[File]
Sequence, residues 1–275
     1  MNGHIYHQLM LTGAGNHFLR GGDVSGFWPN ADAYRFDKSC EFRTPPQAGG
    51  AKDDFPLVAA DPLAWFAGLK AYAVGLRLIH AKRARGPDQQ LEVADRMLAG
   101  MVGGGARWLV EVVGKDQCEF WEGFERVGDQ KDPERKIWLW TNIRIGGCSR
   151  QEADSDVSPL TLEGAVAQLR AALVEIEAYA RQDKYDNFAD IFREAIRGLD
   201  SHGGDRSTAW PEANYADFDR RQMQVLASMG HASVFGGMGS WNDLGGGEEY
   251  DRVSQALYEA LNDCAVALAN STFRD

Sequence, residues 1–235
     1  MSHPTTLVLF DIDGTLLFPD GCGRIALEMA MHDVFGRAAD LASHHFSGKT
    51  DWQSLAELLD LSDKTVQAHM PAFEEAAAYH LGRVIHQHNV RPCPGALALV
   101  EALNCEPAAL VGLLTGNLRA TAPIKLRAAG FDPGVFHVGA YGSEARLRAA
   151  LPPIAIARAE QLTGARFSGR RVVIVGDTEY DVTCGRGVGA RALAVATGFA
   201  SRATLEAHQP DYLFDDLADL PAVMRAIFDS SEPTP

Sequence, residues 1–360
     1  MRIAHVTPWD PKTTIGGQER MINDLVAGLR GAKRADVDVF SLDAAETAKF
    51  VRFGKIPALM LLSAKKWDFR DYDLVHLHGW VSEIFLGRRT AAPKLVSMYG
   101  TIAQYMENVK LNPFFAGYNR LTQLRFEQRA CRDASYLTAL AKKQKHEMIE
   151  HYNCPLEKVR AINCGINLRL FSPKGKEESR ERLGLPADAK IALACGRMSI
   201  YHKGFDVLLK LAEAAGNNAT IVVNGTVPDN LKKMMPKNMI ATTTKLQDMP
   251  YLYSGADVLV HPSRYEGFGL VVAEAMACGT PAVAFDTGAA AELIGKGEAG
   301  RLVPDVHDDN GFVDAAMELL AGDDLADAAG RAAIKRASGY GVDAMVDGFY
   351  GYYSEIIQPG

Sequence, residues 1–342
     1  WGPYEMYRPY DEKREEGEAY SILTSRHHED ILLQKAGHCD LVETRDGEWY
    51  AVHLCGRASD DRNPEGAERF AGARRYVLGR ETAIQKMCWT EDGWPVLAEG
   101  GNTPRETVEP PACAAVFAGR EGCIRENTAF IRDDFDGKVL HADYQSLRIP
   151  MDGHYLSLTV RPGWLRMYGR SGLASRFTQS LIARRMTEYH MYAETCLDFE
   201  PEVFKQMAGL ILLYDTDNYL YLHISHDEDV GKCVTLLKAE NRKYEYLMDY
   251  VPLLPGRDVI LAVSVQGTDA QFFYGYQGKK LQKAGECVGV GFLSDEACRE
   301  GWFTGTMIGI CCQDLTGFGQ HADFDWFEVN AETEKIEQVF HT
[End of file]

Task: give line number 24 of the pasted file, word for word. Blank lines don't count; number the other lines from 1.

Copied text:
     1  WGPYEMYRPY DEKREEGEAY SILTSRHHED ILLQKAGHCD LVETRDGEWY